This is a great example of what we think of as a modified feather. Modified as an ornament for use in courtship display. We call these two unusual feathers head wires. They’re definitely unlike any other feathers known to exist. They’re about twice as long as the body of the bird and they don’t have the normal structure of a typical feather. Instead of having a central shaft or the rakus, as we call it, with a feather vein on either side, these feathers actually only have structure on one side of the shaft. They have what appears to be plastic-like tabs running down one side. And those are actually the fused parts of a normal feather that have been greatly modified here to give this bird this incredible effect. We don’t see this kind of extreme ornamental feather or this kind of extreme modification in most of the birds. It sort of makes the male look like he’s got these long antennas. The head wire emanates from behind each eye and the male can move them around, and in some cases he can push them forward, he can move them to the side. He can also have them kind of resting, laying across his back. But on his courtship display territory he really uses these feathers for a maximal effect. Now it’s important to keep in mind these feathers are almost a burden to carry around. They actually impose limitations. Unlike all the other feathers on the bird they aren’t helpful for flight, they don’t do anything for thermal regulation or keeping warm. They’re evolved for no other purpose than as ornaments used to attract the attention of females as potential mates. It’s all about their visual presentation. These feathers really underscore what’s so incredible about the birds-of-paradise. That sexual selection by female choice can actually shape and influence the evolution of an oddity like the male king-of saxony bird-of-paradise.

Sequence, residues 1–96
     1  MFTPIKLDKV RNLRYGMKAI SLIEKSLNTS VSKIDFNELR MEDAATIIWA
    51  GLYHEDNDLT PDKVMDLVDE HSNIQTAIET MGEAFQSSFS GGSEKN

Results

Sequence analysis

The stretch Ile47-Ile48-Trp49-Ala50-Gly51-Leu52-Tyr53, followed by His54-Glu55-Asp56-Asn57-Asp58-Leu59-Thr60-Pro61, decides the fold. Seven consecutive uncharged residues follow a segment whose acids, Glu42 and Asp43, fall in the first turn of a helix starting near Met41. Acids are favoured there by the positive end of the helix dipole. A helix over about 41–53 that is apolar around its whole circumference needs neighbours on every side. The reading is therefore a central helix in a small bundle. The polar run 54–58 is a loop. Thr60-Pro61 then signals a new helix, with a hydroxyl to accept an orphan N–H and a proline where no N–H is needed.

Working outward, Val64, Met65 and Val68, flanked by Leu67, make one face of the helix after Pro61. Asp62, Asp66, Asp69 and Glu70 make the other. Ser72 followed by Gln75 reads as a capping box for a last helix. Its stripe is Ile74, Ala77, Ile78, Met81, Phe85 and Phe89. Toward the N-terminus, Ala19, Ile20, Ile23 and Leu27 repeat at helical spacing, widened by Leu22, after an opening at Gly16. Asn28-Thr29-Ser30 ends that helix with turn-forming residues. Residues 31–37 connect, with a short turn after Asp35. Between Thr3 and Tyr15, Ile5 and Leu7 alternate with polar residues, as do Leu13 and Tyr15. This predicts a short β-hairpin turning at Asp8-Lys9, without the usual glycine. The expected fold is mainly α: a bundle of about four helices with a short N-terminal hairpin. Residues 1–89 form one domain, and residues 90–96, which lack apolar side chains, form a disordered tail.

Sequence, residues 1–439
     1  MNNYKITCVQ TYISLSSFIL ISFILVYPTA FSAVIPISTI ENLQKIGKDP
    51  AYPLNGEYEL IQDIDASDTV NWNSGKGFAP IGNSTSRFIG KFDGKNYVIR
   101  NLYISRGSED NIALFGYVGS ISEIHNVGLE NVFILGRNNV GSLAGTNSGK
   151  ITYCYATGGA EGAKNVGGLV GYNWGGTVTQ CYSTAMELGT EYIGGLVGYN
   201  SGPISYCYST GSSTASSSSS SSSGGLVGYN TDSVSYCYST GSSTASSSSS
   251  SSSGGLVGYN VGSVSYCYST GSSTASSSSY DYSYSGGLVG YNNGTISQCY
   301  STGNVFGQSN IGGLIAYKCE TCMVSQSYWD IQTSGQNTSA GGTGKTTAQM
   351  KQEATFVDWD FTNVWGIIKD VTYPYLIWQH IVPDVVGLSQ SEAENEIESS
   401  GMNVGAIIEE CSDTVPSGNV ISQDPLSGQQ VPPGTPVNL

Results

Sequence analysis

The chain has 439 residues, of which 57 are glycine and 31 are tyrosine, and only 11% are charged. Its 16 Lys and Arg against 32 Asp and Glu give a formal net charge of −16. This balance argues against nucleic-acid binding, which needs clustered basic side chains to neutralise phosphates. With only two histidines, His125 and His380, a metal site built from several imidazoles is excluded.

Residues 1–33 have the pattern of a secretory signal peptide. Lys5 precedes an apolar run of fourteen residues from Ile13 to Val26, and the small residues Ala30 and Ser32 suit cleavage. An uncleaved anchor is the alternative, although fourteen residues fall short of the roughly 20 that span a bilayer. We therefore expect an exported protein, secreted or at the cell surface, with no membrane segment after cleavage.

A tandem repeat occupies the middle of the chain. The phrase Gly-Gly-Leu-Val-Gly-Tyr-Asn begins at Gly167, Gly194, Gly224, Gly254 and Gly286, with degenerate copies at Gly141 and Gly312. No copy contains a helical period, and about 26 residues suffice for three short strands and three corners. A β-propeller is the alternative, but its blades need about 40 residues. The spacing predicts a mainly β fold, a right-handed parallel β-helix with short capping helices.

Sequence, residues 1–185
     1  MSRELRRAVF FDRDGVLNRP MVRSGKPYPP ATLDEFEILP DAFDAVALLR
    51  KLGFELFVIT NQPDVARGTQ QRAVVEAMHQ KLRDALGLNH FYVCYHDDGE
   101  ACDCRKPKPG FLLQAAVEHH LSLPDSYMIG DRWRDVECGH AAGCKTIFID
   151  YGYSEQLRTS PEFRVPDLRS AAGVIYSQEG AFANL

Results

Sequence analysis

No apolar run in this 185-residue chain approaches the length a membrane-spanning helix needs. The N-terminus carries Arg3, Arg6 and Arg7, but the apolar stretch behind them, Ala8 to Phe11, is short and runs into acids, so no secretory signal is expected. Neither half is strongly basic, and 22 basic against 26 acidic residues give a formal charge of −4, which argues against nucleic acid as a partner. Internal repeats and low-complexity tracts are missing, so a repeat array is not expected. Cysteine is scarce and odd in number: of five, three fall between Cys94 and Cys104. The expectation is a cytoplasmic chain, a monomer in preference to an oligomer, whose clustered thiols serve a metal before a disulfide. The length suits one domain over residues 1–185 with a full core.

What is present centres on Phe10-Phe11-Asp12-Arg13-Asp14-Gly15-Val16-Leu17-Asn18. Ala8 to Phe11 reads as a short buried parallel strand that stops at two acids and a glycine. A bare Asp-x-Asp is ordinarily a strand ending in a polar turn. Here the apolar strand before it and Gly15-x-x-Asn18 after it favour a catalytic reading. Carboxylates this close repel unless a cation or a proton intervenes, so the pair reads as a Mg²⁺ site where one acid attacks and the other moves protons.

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The head wires of the King-of-Saxony BIrd-of-Paradise are unlike any other feathers in the world. They’ve lost their normal feather structure and become a conspicuously awkward ornament. It may seem difficult to explain the evolution of head wires by the process of natural selection. In fact, they’ve evolved because of sexual selection—an extreme example of female mate choice affecting basic anatomy. Filmed and photographed by Tim Laman. Explore more at